BM Savings launches 5% ISA
BM Savings has launched a market-leading fixed-rate cash ISA for the new tax year.
At 5% for five years this is the highest-paying ISA on the market but as it's for the new tax year's allowance of £5,340, new accounts can't be opened until 6 April.
Like most of the top-paying accounts this is a limited offer, so savers will need to act quickly to benefit. However it is possible to apply now and to transfer in existing ISAs which will be credited to the account in the new tax year.
The rate is fixed for five years and a minimum deposit of £500 is required.
Withdrawals are allowed but are subject to a loss of interest of between 90 and 365 days depending on how much longer the account has left to run. The account is operated by post but you can apply by phone.
For those still looking for a home for this year's ISA allowance the best long term fixes come from Northern Rock and Skipton Building Society which both pay 4.5% for five years and Halifax, Cheshire Building Society and Derbyshire Building Society which are paying 4.4%
Check the full range of inflation busting accounts here.
There are limits to how much you can invest in any tax year. For 2011/12, the limit is £10,680. Of that, the maximum you can invest in cash is £5,340 and the balance of £5,340 can be invested in shares (individual company shares or investment funds). If you don’t take the cash ISA allowance, you can invest up to £10,680 into a stocks and shares ISA.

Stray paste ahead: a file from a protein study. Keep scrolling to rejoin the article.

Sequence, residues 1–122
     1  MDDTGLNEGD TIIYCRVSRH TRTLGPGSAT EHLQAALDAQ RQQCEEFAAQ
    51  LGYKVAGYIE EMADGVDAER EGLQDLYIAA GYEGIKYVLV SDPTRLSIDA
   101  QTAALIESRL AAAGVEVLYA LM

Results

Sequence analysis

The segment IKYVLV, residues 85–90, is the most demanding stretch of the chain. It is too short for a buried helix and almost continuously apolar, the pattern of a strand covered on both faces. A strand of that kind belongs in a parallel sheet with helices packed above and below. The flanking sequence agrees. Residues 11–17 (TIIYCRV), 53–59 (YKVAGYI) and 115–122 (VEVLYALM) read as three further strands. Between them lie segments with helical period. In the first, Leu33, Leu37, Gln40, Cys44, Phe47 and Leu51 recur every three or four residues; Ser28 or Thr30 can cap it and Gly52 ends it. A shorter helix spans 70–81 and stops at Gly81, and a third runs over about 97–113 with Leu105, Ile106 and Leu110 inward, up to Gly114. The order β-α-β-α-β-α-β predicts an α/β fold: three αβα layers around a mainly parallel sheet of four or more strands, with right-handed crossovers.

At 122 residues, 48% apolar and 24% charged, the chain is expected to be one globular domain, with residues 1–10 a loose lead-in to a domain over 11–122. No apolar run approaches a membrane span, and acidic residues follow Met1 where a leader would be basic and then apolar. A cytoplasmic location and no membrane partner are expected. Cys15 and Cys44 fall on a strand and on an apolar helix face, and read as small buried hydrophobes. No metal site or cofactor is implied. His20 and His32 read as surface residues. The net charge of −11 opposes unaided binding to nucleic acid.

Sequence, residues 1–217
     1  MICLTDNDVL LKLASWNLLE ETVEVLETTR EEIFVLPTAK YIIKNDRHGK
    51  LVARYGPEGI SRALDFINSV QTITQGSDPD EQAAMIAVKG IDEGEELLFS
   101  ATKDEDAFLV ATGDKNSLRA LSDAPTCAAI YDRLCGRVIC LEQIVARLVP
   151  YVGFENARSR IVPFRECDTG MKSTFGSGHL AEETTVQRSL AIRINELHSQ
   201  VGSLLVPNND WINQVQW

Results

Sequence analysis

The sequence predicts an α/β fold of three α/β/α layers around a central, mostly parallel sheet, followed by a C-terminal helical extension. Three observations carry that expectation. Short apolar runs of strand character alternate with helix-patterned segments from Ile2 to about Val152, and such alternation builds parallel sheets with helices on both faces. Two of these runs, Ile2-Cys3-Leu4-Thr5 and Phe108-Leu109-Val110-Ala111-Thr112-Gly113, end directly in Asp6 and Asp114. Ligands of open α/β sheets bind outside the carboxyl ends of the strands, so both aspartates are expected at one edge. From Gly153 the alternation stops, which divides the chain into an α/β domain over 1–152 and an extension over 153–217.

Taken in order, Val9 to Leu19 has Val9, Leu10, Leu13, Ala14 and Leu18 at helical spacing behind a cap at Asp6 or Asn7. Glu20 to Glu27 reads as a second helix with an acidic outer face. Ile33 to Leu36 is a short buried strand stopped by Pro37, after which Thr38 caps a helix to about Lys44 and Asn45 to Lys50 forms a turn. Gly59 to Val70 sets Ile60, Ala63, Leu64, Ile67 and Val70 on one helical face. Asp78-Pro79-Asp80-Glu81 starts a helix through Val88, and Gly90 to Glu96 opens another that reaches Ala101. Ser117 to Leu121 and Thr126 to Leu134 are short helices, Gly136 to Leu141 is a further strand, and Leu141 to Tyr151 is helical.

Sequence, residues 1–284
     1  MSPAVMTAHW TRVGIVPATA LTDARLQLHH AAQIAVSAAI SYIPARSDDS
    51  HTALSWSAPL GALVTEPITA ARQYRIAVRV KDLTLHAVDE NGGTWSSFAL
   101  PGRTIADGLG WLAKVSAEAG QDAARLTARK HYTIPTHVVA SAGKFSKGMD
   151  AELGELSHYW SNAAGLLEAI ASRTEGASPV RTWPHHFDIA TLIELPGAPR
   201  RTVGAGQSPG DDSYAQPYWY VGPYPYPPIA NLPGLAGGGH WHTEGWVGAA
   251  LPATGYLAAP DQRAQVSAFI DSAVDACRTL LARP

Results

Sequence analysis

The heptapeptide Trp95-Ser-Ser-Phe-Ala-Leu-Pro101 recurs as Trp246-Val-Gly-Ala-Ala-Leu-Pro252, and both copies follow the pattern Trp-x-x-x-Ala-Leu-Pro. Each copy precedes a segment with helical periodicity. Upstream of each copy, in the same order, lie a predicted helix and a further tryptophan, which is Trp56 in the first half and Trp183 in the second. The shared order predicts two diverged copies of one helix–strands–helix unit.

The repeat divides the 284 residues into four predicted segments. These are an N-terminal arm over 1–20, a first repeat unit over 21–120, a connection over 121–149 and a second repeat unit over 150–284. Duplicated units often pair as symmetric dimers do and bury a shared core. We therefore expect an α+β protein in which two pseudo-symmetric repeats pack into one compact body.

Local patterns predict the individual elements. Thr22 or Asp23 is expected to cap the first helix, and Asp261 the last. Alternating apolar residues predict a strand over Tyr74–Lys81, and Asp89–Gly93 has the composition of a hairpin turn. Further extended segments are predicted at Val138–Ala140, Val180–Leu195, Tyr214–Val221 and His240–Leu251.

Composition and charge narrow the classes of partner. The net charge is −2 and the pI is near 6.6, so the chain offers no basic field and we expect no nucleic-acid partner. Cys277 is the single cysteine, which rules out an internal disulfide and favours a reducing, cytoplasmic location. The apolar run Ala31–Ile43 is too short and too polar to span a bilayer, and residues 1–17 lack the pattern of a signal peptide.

Invidivual Savings Accounts were introduced on 6 April 1999 to replace personal equity plans (PEPs) and tax-exempt special savings accounts (TESSAs) with one plan that covered both stockmarket and savings products, the returns from which are tax-exempt. The ISA is not in itself an investment product. Rather, it’s a tax-free “wrapper” in which you place investments and savings up to a specified annual allowance where the returns (capital growth, dividends, interest) are tax-exempt (you don’t have to declare ISAs and their contents on your tax return). However, any dividends are taxed within the investment, and that can’t be reclaimed.
An increase in the general level of prices that persists over a period of time. The inflation rate is a measure of the average change over a period, usually 12 months. If inflation is up 4%, this means the price of products and services is 4% higher than a year earlier, requiring we spend and extra 4% to buy the same things we bought 12 months ago and that any savings and investments must generate 4% (after any taxes) to keep pace with inflation. Since 2003, the Bank of England has used the consumer prices index (CPI) as its official measure of inflation (see also retail prices index).
This is a mutual organisation owned by its members and not by shareholders. These societies offer a range of financial services but have historically concentrated on taking deposits from savers and lending the money to borrowers as mortgages, hence the name. In the mid-1990s many societies “demutualised” and became banks. One academic study (Heffernan, 2003) found demutualised societies’ pricing on deposits and mortgages was more favourable to shareholders than to customers, with the remaining mutual building societies offering consistently better rates. In 1900, there were 2,286 building societies in the UK; in 2011, there are just 51.